Gay Relationships shows higher incidents of infidelity

In a recent study, it was shown that men in same sex relationships have a higher rate of infidelity than those of their straight counterparts.

It’s a dreadful, yet unavoidable lesson that each and every person learns. And while they frequently fail for many different reasons, maybe the most common — and the toughest to take — is when one cheats.

For a lot of people, infidelity is seen as the ultimate dealbreaker. Even more astonishing, 45 percent of admitted cheaters said their partner never found out.

This information came as a shock even though we ended our relationship a year ago. To clarify, I’m no longer teary-eyed mess every time someone brings up his name, but I could not help but reflect on the joys of our two-year romance.

For someone who loved me as much as he said he did, it was bad enough that he cheated; yet by not confessing and having me figure out using a secondhand source a year later was the cherry on top of our broken relationship.

Don’t get me wrong: Infidelity is definitely the worst crime any person can commit against their partner, and the two parties necessarily end up getting hurt. If infidelity is it a frequent part of the queer dating experience, is it really possible for men to sustain purposeful, honest relationships with each other?

Queer men have constantly fought with liberating themselves from the heteronormative constructs imbedded in our cultural structures. Despite the fact that they tend to be invisible, these ideas are detrimental to the queer experience for several diverse reasons, including the fact that they perpetuate sexual hierarchies and divisive stereotypes about men seeking relationships with men. These constructs are evident in the transformation of queer culture today: More and more LGBTQ individuals are embracing monogamous relationships and parenthood.

While monogamy, parenthood and marriage are equally desirable, queer people are told their entire lives that they need to conform to the status quo, they need to be or act a certain way to be happy, they ought to lead normal lives to have the ability to achieve acceptance. This stereotypical image is currently the omnipresent echo of society.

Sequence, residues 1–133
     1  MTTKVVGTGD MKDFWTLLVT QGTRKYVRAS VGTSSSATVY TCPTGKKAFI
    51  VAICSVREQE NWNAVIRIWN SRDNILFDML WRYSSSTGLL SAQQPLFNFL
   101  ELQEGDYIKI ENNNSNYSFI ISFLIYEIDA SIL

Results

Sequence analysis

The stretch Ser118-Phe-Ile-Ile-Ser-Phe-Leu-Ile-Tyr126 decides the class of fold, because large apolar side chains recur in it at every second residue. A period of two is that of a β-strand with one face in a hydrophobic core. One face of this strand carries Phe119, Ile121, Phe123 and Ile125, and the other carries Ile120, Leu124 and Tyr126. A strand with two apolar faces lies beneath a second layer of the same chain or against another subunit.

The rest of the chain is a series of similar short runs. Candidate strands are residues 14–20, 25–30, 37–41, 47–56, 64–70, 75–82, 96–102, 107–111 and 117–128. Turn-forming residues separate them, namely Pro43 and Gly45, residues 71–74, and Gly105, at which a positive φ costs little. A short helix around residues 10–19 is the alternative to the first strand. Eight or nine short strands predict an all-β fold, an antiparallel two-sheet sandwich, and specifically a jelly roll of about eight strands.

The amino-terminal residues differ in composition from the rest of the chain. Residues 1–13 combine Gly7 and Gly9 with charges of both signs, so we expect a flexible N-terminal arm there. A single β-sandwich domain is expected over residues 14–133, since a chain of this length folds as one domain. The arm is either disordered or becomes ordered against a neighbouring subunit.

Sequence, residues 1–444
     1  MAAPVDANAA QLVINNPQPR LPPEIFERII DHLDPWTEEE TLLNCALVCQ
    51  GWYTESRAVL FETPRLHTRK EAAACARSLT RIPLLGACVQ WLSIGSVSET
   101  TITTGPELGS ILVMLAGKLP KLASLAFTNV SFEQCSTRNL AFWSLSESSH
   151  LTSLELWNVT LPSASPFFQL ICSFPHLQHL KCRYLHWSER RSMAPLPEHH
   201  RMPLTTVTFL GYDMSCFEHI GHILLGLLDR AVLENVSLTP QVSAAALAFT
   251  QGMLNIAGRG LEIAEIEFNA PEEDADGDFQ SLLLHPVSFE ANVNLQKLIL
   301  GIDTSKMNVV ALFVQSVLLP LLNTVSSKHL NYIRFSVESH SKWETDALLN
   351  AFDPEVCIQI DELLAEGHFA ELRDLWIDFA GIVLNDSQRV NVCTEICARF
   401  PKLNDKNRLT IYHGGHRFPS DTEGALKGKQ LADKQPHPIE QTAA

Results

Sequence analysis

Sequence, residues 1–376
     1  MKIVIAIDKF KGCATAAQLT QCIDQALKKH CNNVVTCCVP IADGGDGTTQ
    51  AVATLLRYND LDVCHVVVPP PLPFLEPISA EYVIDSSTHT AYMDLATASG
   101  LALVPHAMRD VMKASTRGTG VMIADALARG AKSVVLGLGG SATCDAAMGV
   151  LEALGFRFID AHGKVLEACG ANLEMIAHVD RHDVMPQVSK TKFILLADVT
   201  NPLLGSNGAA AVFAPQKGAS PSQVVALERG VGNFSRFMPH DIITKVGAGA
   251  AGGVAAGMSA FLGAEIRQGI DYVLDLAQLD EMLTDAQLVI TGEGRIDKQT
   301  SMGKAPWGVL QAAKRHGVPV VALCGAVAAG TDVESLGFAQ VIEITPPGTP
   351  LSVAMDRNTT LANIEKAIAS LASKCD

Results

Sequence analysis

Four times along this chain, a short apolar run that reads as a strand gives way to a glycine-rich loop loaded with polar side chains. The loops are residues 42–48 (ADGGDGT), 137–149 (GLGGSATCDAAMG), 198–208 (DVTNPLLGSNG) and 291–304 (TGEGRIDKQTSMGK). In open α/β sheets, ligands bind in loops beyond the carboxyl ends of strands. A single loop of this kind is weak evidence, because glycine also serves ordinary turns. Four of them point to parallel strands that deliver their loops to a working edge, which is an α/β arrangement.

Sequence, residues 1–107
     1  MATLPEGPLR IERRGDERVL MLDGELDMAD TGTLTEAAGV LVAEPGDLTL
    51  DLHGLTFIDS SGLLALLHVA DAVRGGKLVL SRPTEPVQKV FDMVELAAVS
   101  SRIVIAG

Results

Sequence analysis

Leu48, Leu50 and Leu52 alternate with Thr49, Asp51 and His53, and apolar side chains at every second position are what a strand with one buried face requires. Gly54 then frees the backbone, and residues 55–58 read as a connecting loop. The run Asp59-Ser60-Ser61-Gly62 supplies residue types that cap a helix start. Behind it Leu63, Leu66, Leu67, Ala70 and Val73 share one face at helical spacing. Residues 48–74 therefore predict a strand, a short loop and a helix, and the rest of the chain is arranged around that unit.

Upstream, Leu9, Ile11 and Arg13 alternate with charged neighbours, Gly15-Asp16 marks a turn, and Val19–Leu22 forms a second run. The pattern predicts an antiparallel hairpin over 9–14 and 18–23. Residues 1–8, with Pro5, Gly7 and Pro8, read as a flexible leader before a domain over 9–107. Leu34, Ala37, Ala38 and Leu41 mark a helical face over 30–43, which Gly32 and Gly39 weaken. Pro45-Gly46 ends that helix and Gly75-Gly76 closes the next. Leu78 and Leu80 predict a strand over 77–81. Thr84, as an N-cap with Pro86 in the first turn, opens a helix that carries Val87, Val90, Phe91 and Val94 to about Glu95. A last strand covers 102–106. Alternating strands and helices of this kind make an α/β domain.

While Stonestreet and Ferguson are commendable for their multi-dimensional portrayals of gay men, Cam and Mitchell are only one of many representations of the exemplary homosexual couple people expect, one almost identical to another suburban family obsessed with the notion of a white picket fence — which is bullshit at the end of the day. The Cam and Mitch film, which was created by heterosexual showrunners, is eventually a dangerous stereotype since it reinforces the notion that queer people must adapt to a specific lifestyle in order to be generally accepted as normal by society.

As queer men, we are often told that there is an ideal we must succumb to. Sometimes we are even shamed into thinking that there is a perfect way to build relationships, families and lifestyles. However, these attitudes are harmful since they are restrictive to maintaining healthy, open relationships. Practicing monogamy is just 1 part of this equation, but it should not be the default option.
Introduction. Infidelity, contrary to what the majority of folks assume, is neither rare nor exclusively male behaviour nor is it sure to end the union.
And if they uncover each other’s adultery, they just laugh it off.

Even though a bisexual man could suit our pina cola.